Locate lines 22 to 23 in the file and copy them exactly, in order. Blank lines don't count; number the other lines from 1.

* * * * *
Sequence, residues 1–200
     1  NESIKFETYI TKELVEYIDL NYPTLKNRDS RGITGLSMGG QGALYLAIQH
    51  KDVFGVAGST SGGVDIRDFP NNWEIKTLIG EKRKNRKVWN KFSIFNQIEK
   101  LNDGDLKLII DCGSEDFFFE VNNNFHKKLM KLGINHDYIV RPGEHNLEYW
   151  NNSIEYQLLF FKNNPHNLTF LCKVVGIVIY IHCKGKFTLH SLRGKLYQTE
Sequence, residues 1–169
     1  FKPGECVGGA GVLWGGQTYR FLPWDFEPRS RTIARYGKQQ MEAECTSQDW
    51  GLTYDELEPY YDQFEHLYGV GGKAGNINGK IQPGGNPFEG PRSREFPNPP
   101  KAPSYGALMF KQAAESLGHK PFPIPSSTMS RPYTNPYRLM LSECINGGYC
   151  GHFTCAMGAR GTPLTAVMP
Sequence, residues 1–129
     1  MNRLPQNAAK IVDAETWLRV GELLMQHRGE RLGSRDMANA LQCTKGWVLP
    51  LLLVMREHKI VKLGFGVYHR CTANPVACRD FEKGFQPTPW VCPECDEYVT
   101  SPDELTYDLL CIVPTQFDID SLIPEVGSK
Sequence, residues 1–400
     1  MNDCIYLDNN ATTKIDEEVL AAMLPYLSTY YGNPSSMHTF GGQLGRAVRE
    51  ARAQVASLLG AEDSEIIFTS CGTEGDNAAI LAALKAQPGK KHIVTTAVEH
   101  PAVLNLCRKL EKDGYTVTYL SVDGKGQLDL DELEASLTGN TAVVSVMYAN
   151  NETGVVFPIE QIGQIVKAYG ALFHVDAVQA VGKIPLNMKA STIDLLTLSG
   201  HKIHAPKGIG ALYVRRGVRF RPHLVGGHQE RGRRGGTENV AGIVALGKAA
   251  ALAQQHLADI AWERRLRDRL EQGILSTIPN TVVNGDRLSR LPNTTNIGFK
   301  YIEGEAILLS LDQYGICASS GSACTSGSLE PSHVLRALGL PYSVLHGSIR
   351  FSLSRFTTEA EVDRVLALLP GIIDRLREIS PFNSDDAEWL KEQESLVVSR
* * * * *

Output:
   301  YIEGEAILLS LDQYGICASS GSACTSGSLE PSHVLRALGL PYSVLHGSIR
   351  FSLSRFTTEA EVDRVLALLP GIIDRLREIS PFNSDDAEWL KEQESLVVSR